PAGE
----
Micro insurance seen as a game-changer

The advent of the sharing economy and its disruptive new mobility services, such as peer-to-peer (P2P) car-sharing, is about to change not only the way we move around but also the way we insure ourselves and our vehicles. “The sharing economy has changed the customer need very deeply,” says Marijan Mumdziev, CEO at Amodo. “If the customer has a certain new need, there will be companies willing to address it.”

That new need appears to be micro-insurance, coverage for the duration of a trip, whether it is for P2P car-sharing or even the use of one’s own car. This has enormous implications for the entire auto insurance industry, Mumdziev believes.

“The whole game is about to change radically, influenced by a number of market forces,” he predicts. “All the connected cars being produced by car-manufacturers are putting them in a perfect position to launch their own insurance. So, you will see a clear differentiation between the insurance market leaders and the others, because their strategic positions are different.”

The market leaders, such as AXA, Allianz and AIG, will focus on providing coverage for carmakers, who will be offering insurance via their embedded connectivity, he says. “But the others, who have a more local or regional market presence, and do not have a global footprint, will want to position themselves on the market differently. And micro-insurance is one of the potential solutions.”

Micro-insurance was born of necessity, when the founders of pioneer P2P companies realised they had to create a new insurance product to cover their service. According to Matheus Riolfi, director, International, at Turo, his company invented micro-insurance.“There was no way you could source an insurance policy to cover peer-to-peer car-sharing. There were only full-year policies and there was no policy to make sense of the risk on the owner’s side and on the traveller’s side.” Hesays that designing a viable auto insurance product for P2P car-sharing was very difficult. “It took our founder 18 months to find an insurance company to work with.”

As it works now, every P2P car-share is covered by a Turo auto insurance policy. “That means if there is an accident, the car owners personal policy is not affected,” Riolfi explains. “The premiums won’t change, the no-claims bonus will not be affected and, on the traveller’s side, liability insurance is included in every transaction and we always sell, on the side, a loss damage waiver. We have different levels of risk [the traveller] can choose, on the physical damage side.”

The traveller’s risk profile is developed a proprietary platform, which has machine-learning capability and uses actuarial and fraud data from internal and third-party sources. Riolfi says telematics technology will be a big boost to efficiency and market growth. “We think telematics will help us and our insurers understand the risk better, both in terms of the usage of the car and in terms of trust and safety,” Riolfi says. “In the future, when connectivity is easily available to third-party providers, we see a world where the peer-to-peer model is even more convenient for car owners and travellers.  And we can take more refined decisions when it comes to risk-taking and pricing risk.”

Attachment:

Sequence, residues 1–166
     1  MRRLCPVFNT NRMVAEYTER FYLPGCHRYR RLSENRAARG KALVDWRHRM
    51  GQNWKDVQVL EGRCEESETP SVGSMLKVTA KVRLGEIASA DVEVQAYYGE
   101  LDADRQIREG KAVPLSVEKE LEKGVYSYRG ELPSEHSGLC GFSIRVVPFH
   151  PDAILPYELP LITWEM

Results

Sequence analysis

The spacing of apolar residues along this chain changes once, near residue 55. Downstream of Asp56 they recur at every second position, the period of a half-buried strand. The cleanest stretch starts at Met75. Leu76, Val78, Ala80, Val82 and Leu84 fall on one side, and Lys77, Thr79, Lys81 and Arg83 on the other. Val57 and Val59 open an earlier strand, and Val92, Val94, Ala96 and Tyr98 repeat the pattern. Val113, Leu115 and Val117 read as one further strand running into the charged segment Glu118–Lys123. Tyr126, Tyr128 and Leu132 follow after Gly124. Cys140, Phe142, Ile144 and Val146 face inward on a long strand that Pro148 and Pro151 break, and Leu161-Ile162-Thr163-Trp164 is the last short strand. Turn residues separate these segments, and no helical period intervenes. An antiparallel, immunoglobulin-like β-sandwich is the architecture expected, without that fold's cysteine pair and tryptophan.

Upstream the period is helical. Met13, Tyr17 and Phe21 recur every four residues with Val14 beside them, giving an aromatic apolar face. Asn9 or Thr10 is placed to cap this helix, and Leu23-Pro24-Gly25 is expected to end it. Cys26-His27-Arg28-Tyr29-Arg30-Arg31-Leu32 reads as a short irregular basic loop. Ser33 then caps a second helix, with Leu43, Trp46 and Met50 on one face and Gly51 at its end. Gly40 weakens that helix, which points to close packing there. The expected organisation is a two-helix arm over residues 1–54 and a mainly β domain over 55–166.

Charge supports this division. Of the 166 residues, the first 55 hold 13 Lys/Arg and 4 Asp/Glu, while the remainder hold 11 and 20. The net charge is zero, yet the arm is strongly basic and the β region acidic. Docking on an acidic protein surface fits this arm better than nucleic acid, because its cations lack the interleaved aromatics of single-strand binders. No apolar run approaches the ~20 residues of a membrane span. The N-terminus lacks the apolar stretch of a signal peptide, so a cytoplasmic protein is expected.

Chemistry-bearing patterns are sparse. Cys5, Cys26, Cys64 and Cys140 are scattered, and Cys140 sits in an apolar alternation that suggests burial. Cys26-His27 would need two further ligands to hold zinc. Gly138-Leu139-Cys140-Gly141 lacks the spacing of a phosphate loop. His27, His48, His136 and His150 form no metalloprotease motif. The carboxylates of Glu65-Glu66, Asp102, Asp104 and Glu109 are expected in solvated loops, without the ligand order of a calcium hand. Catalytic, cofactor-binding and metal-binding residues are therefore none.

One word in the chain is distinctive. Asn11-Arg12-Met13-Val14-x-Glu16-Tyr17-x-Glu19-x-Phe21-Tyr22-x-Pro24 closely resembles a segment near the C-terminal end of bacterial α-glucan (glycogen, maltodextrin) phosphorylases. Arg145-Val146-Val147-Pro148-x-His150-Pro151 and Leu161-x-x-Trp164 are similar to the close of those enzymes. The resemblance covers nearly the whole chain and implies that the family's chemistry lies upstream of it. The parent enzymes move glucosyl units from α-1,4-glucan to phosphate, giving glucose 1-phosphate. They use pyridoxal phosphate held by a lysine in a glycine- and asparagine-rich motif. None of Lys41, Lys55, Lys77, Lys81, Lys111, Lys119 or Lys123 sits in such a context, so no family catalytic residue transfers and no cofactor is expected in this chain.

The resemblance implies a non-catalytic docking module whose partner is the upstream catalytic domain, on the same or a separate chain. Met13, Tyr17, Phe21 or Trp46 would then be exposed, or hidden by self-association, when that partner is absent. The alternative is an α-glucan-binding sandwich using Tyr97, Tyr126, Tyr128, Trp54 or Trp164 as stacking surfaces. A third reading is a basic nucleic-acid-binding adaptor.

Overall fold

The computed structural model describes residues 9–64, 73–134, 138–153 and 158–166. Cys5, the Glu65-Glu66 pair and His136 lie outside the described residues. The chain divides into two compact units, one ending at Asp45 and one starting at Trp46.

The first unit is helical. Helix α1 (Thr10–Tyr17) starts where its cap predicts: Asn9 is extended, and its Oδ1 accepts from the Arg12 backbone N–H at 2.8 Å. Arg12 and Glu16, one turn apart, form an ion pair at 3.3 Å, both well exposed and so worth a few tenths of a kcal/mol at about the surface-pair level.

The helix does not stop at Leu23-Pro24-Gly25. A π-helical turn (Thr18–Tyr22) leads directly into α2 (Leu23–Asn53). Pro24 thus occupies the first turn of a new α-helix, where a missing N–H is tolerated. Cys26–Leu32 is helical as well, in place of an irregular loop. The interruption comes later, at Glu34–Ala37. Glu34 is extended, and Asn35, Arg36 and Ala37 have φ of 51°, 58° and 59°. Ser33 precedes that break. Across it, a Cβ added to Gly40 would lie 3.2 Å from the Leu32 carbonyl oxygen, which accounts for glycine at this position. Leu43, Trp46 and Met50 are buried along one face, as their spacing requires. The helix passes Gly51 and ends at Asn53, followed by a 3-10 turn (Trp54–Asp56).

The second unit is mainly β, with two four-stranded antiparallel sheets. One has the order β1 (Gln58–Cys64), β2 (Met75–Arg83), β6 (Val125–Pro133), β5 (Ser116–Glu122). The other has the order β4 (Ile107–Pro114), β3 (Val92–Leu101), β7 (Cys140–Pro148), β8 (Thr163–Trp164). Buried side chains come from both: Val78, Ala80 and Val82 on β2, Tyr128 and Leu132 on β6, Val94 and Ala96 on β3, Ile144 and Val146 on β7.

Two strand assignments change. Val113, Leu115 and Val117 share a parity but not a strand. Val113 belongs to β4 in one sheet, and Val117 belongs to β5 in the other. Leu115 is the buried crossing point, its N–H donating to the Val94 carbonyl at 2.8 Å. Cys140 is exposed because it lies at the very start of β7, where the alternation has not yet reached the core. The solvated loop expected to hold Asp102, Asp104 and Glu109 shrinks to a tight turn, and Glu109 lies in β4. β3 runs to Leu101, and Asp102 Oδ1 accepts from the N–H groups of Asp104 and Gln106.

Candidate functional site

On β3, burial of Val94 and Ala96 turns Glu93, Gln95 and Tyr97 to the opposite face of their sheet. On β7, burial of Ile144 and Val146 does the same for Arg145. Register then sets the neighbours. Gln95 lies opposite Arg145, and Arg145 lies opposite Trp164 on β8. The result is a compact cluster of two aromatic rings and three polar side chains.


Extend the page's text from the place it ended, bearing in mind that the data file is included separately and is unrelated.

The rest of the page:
James Hodgson, industry analyst at ABI Research, agrees. He says: “To get an accurate impression of how risky a driver is you only get from quality data taken from the kind of sensors that will be embedded in vehicles going forward, such as those related to collision avoidance and more advanced forms of driver monitoring, sensors in automatic braking systems or cameras facing the driver. Where vehicles are shared, this also helps identify users and to create a unique profile associated with them, rather than with a unique vehicle.”

Riolfi also maintains the technology will unlock the market for P2P car-sharing. “The use of telematics data will be critical to grow the industry,” he says. “It is a critical piece of data that will accelerate our business.” The reason is trust.

“One of the main barriers to (car-sharing) adoption is the psychological barrier that a car owner may have about giving control of his car to a stranger,” Riolfi says. “The moment that we have this technology, we can provide even more assurances to car owners, because data is being captured. Even if we don’t share it with the owner, we have it in our system. We know what is happening with the car. Just knowing that this data exists, will provide an extra layer of confidence.”

ABI’s James Hodgson thinks that, ultimately, the P2P car-share model will have a very limited market opportunity. “More likely, you will have fleet-based models where the mobility provider owns the vehicles which drivers then use,” he predicts. Some carmakers, such as BMW, are already offering cars as a service.